Many tropical fruit species seed interact with the animals that eat the fruit, go thru the digestive system, get coated with feacal matter, which may be protective of pathogens or dissolve the seed coat.  Many seeds fall and germinate in the surface leaf litter, or on the bare soil in the rain, without any covering.
Being outside the tropics, I found it often easy to germinate seed in a hot summer climate, but difficult to get many thru the first or second winter in cold wet pot mixes.
On the other hands friends in the tropics seem to plant seeds in bags of loamy soil, in the rain, under a shade tree.
One friend threw Avocado seeds out his kitchen window into the rainforest to grow his next lot of trees, and he was never running out of Avocado fruit.

While I agree that nature will find a way, there is also something to be said about the survivor bias, being you'll never know how many dead seeds it took before one sprouted. Your friends in the tropics know what they're doing imo, I don't know what I did wrong before but my germ rates are way higher using that method

Or have yall tried the float method? sounds basic asf but has worked perfectly on everything I've tried so far.

Just fill up a jar with water to the brim, move it to your final location (in the dark, etc), and carefully put the seed on top of the water so it floats. If it sinks, pull it out, dry it, try again. You can leave it like that for weeks

Seeds germinated in non aerated water will have a lack of oxygen. The float method isn't 100% accurate for viability testing depending on the seed, not sure if you were suggesting it for that.

Also, roots that develop in water are maladapted for growing in soil and may cause the plant stress upon transition.

tru

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Re: Having a really big issue with damping off with cupuacu seeds
« Reply #11 on: November 16, 2022, 01:06:39 PM »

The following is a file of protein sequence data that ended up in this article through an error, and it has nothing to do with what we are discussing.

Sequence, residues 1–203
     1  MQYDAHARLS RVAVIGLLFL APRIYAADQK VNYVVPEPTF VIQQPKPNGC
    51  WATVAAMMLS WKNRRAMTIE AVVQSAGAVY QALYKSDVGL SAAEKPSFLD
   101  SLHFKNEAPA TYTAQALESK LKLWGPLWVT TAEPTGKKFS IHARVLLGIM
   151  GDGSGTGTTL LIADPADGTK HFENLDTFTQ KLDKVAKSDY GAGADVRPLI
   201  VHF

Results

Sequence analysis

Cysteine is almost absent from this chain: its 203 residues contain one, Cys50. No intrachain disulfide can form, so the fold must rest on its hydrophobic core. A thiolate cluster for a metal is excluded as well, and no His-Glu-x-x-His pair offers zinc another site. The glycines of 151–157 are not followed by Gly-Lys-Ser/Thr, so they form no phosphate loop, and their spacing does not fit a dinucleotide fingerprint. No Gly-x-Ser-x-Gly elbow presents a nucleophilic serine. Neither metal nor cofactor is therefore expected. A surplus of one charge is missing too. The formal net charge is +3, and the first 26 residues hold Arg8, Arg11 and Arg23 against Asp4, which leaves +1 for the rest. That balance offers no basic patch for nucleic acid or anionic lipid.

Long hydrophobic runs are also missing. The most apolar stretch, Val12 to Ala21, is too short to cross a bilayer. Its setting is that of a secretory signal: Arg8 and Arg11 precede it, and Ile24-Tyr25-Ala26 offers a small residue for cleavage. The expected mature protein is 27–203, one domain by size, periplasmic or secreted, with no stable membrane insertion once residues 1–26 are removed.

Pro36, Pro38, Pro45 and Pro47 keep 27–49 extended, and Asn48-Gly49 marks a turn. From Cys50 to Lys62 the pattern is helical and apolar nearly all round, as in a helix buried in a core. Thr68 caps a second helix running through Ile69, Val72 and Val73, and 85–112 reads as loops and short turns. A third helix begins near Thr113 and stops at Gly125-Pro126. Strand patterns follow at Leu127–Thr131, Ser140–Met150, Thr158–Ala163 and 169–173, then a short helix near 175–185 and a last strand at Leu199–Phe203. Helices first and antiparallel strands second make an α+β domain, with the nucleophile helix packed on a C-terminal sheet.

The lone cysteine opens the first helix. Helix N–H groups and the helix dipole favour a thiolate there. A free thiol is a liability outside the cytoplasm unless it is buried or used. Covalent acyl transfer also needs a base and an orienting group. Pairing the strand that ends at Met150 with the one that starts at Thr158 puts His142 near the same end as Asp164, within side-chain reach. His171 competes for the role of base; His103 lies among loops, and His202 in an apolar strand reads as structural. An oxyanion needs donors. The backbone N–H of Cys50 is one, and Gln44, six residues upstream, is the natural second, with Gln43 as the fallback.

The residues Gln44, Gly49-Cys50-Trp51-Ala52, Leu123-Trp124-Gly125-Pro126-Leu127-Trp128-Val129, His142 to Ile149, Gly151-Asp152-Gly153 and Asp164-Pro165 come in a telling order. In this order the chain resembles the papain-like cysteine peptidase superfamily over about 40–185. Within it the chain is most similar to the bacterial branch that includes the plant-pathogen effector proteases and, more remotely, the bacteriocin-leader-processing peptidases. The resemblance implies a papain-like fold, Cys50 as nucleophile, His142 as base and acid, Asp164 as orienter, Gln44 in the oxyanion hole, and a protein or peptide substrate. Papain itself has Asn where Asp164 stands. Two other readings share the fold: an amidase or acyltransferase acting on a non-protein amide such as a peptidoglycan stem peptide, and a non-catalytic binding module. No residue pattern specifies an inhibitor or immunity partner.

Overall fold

idk, it sounds good on paper but in practice the seeds donít seem to care, 100% germ rate with 8 cacao seeds floating and 100% 7 in bags

I could see how leaving for weeks and weeks would mess up how the roots grow, but at that point you have bigger problems. And yeah not for viability, I plant everything no matter if it floats or not

floating lets it receive oxygen without needing to aerate, im talking baby roots not inches and inches of growth. I like the bags more though, I donít wanna worry about changing water

TropicalPioneers

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Re: Having a really big issue with damping off with cupuacu seeds
« Reply #12 on: December 20, 2022, 01:27:03 AM »
Thank you for the information everyone

Daintree

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Re: Having a really big issue with damping off with cupuacu seeds
« Reply #13 on: December 20, 2022, 09:24:25 AM »
I always keep a spray bottle with diluted physan (also called consan) on hand. Works great for damping off and other fungal problems when sprouting seeds.

Carolyn

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Re: Having a really big issue with damping off with cupuacu seeds
« Reply #14 on: December 20, 2022, 11:27:31 PM »
Damping off pathogens thrive in cool, moist, and dark conditions. Make sure you have some good light, a heating mat, and well aerated seedling starting mix. I also use a small fan to circulate air in the room.

You should also disinfect any tools or pots with bleach prior to using them. Just my 2 cents. I had major issues starting seeds prior to all these things. Now, I don't see damping off and my seedlings thrive. I put the seedlings under a strong light as soon as they have sprouted (not too close or they'll get crispy lol). LEDS work great for this since they don't put off much heat

cassowary

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Re: Having a really big issue with damping off with cupuacu seeds
« Reply #15 on: December 22, 2022, 06:20:07 PM »
The source of your seeds might not be the best. I think this is often overlooked by some people.

For me there is no problem with cupuassu seeds, same experience as Peter.

Peace

For seed and plant swap/barter enter ďtropical seedsĒ @ https://publicnote.com/

TropicalPioneers

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Re: Having a really big issue with damping off with cupuacu seeds
« Reply #16 on: January 05, 2023, 08:09:28 PM »
I definitely try about the spray when I get more seeds and I have added strong LED grow lights but I still have the issue with ventilation since I canít seem to find a small fan for it